Biologically speaking, something is alive if it can reproduce. After all, viruses are not considered by most biologists as alive because they are obligate parasites (ie: they literally cannot live or reproduce without a host). But this definition may in time change as well.
Biology has new considerations from Genetics. And yes, the definition of being alive is under debate. Genetics would tell you that nothing alive is without a genetic code. Virus' have genetic codes.
An oddly queer and much overlooked attribute about codes is that they also reproduce. No kidding... Just looking at a code reproduces it in your mind. Not so silly if you really pause to think about it.
Now, on a more personal level, how do I know I am alive and not dead? Well, then I suppose you could turn to Descartes' definition. I am here to think about being a live, so I must exist.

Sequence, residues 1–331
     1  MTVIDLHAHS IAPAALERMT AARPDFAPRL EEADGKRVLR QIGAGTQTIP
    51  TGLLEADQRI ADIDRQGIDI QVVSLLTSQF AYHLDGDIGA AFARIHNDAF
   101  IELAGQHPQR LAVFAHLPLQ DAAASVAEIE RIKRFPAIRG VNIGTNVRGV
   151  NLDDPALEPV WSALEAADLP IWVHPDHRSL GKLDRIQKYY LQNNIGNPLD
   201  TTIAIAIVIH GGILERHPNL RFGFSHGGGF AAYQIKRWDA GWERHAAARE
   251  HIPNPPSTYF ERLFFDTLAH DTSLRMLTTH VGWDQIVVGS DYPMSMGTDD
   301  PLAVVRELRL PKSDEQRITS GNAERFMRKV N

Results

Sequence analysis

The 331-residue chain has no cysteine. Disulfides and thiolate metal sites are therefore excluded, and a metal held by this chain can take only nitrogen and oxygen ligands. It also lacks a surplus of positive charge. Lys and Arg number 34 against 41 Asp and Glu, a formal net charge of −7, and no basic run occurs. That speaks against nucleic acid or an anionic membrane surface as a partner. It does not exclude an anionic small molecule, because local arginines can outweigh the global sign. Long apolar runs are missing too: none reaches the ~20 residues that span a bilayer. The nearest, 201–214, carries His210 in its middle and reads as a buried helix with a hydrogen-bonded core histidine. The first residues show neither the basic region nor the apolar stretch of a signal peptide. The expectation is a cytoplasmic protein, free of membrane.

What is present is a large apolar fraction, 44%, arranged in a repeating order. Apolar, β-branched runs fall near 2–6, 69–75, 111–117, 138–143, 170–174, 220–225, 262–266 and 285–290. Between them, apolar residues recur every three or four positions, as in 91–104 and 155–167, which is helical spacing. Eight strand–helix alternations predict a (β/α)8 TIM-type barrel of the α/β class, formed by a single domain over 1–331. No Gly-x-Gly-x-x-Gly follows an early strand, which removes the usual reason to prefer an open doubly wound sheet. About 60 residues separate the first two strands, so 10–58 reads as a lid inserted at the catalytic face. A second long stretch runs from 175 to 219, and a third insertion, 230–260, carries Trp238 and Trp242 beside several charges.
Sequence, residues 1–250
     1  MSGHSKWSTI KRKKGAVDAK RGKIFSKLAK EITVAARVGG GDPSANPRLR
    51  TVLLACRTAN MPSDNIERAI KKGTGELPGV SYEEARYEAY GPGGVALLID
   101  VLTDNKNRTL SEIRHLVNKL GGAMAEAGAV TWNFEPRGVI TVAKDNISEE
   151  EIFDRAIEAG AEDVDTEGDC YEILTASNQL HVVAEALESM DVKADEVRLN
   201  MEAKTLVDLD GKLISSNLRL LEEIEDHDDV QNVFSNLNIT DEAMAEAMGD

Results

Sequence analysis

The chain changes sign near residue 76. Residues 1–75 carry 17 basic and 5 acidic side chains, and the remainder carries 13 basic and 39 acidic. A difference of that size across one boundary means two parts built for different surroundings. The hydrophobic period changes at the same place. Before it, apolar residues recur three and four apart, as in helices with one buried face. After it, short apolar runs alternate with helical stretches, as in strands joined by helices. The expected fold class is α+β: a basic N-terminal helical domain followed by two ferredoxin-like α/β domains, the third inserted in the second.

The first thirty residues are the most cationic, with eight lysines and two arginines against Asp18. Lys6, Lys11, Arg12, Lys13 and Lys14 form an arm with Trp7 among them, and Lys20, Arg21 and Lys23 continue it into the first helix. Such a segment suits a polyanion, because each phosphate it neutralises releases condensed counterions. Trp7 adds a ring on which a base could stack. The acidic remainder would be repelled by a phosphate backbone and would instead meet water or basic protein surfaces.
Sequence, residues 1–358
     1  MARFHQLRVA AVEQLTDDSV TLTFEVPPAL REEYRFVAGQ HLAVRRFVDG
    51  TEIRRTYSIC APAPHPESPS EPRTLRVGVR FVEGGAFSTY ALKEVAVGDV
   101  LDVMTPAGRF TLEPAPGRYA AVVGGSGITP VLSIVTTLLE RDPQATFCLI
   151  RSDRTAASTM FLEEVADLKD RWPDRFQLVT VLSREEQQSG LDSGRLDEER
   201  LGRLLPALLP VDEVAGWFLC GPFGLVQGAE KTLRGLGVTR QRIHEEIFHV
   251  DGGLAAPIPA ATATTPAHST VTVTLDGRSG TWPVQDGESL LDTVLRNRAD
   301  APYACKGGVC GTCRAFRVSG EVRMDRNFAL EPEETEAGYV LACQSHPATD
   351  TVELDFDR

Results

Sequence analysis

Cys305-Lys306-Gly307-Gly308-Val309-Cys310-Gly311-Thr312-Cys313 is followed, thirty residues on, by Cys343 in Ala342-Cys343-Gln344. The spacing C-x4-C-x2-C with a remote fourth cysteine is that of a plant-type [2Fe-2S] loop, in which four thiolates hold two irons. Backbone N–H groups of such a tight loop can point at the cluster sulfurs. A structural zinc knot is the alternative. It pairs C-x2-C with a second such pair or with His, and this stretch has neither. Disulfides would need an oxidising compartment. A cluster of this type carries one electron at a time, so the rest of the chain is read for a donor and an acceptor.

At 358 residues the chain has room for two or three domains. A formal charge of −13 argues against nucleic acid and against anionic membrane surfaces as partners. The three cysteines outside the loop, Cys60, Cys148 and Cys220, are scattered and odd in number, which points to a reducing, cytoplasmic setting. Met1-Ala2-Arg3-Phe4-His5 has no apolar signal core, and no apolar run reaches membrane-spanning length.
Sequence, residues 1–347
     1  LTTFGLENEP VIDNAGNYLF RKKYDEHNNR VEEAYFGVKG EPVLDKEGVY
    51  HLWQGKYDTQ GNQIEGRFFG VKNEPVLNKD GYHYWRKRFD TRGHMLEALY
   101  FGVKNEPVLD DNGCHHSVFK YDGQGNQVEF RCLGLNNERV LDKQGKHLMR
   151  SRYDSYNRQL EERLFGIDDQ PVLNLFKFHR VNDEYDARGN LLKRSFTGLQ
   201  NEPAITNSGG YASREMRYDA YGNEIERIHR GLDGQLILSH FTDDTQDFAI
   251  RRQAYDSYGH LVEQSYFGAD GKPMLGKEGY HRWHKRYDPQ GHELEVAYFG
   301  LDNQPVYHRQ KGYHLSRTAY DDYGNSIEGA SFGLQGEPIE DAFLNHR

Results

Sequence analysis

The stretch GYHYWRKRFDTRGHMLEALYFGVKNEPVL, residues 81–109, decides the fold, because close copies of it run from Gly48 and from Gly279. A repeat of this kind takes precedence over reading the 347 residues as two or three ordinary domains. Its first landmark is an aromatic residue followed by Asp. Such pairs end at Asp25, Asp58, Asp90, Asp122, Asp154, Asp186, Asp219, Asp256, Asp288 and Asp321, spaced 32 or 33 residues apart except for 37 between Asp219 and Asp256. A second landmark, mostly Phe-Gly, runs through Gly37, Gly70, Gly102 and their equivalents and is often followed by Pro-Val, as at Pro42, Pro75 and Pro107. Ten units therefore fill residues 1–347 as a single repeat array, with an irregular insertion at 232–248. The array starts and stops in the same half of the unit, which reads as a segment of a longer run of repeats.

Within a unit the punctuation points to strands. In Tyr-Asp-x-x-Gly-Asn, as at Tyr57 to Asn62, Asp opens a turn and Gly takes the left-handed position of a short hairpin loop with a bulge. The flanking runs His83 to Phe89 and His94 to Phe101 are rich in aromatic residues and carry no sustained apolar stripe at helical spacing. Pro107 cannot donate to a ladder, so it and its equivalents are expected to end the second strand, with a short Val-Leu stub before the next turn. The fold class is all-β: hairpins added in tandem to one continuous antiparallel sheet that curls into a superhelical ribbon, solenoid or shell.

And so, ultimately, if thinking is indeed a process of creating a thought, and that thought is the product of some degree of sentient authorship, then what Descartes really implies... is... "I author, therefor I am"... No?
Computers can't think. They can't think about being alive... unless somehow programmed to.
Yes indeed. And yet somehow they (we) were programmed to. The fact is that our genetic code defined us long ago with the ability to "think" about being alive. We are flesh and blood computers ourselves. Perhaps the bumblebee was not programmed with this ability, or his language is not expansive enough to embrace the concept.
In effect, we are the A.I. In that, an original program got us started. And our entire physical lives are spent adding to and authoring our own code as we go along. Like a good little A.I., we are defining our being beyond that which authored us into existence. Let's face it, our desire for A.I. is for it to end up being just like ourselves, or worse, the super intelligence that becomes the God we made by our own hands. What parent doesn't want their child to become greater than they are?